Bob Zgonc served as an officer of the Minnesota Highway Patrol for 28 years. He was an outdoorsman who loved to hunt, fish and walk in the woods, but that was before the tremors, shakes and muscle rigidity of Parkinson's Disease forced him into retirement.
Almost 1.5 million Americans suffer from the effects of Parkinson's disease, but two University neurosurgeons, Dr. Robert Maxwell and Dr. Walter Low, have had success treating Zgonc by implanting electrodes into his brain. Zgonc returned home and has been administering stimulation through the electrodes, which he controls with a pocket-sized device.
Zgonc underwent the procedure last October at Fairview-University Medical Center -- then the University Hospital -- and was the first Minnesotan and the third person in the nation to have the operation.
Now, six months after Zgonc's surgery, Maxwell and Low have declared that the muscle spasms that were plaguing their patient are gone.
"When (Zgonc) turns the device on you can watch the increased tone in his hands and legs melt away within minutes," Low said. "This could become the major way of treating patients with Parkinson's when medications prove no longer useful."
The procedure has led to a renewed life for Zgonc. The tremors and muscle cramps have been all but "knocked out," Zgonc said. "Most of the days, I'm pretty good. I don't get bad days like before. No way."
Where before he couldn't even walk without help, Zgonc said he is now doing so well that he is living independent of assistance, and his wife is able to go back to work.
The procedure was offered to Zgonc as part of a clinical trial. The University is one of only two institutions approved by the Food and Drug Administration to perform the procedure. The University of Kansas is the other institution authorized to conduct the operation, and it is where the first surgery of this type was performed in October, 1995.
The procedure involves implanting "a tiny pacemaker for the brain" inside the head, Low said. During the surgery, four electrodes are implanted into the pallidum, located just above the brain stem. The patient is given a local anesthetic to numb the incision, but since the brain has no pain receptors of its own, the patient has no discomfort and remains awake during the whole procedure, he said.
The surgeons can choose which of the four electrodes to stimulate based on how the patient's muscle spasms and tremors respond to the therapy, Low said. The patient can use the electrodes to stimulate the pallidum throughout the day, allowing the patient to work and play normally.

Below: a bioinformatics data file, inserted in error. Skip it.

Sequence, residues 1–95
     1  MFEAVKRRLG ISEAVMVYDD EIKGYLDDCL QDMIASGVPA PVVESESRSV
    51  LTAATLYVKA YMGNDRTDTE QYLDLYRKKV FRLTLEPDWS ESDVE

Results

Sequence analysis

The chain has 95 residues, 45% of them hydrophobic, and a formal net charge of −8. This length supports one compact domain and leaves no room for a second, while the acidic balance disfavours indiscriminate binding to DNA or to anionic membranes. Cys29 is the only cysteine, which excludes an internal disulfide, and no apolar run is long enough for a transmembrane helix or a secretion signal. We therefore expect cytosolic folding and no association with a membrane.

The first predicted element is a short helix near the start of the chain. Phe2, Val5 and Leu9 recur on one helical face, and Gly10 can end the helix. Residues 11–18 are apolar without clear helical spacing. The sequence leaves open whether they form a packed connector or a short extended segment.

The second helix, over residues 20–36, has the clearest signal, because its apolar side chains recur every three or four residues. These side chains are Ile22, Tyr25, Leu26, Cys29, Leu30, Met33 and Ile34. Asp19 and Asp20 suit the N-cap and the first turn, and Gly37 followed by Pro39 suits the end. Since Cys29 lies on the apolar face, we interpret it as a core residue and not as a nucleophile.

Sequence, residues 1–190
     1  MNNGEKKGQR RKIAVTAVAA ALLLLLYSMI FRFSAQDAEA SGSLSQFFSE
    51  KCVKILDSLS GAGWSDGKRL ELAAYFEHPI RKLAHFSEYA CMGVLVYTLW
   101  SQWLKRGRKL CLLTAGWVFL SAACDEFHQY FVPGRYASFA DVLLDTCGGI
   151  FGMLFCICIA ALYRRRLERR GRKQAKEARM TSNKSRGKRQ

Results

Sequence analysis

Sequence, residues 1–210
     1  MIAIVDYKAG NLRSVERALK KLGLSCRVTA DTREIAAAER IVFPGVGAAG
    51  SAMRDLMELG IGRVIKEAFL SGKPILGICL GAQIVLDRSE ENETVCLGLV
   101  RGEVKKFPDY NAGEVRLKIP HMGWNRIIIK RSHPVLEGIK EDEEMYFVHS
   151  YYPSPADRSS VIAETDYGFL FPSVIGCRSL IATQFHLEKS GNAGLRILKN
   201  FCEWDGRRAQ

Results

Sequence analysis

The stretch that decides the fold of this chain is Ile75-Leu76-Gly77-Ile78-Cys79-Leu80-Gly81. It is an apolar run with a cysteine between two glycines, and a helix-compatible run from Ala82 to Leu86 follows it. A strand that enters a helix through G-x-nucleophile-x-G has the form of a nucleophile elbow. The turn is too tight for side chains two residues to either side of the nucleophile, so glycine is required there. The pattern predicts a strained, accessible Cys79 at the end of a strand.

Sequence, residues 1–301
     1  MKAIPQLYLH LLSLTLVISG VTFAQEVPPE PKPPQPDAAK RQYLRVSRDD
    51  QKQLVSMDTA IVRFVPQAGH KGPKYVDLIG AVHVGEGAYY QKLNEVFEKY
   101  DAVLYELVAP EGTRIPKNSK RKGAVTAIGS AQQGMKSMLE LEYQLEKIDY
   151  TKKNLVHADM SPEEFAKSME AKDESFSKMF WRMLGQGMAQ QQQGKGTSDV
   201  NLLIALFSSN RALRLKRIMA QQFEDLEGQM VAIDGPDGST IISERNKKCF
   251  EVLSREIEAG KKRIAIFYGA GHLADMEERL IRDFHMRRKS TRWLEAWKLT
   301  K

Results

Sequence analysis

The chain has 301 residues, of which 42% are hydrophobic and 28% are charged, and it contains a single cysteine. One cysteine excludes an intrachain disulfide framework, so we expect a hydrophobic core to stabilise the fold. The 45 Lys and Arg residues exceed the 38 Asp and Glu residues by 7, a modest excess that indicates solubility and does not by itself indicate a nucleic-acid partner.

A new procedure was needed to help Parkinson's patients because of the disease's degenerative action on the body, Low said. The effects of Parkinson's are caused by a loss of nerve cells in the brain that produce the neuro-chemical dopamine.
In early Parkinson's, the patient can take a drug that stimulates the remaining cells that produce dopamine. But as the disease progresses, there are fewer and fewer of the cells left, and soon the drug becomes ineffective, Low said.
Zgonc said he took medication for the first several years of his battle with Parkinson's, but that it eventually became ineffective for him.
While there is a loss of some brain nerve cells that produce dopamine, other nerve cells in the same area of the brain become hyper-excitable, Low said. Once the medication has stopped working, a procedure called a pallidotomy is often used. A pallidotomy involves making a slit in the pallidum and cutting away some of the hyperactive cells that cause twitching and spasms.
Zgonc underwent a pallidotomy last year, but the effects of the procedure did not last, and his tremors and muscle cramps returned. He and his doctors decided against performing another pallidotomy. "They didn't want to do it twice. They thought I might lose my voice," he said.
Zgonc decided to take a chance on the experimental procedure. "I didn't have much choice. You don't when you're up against a wall."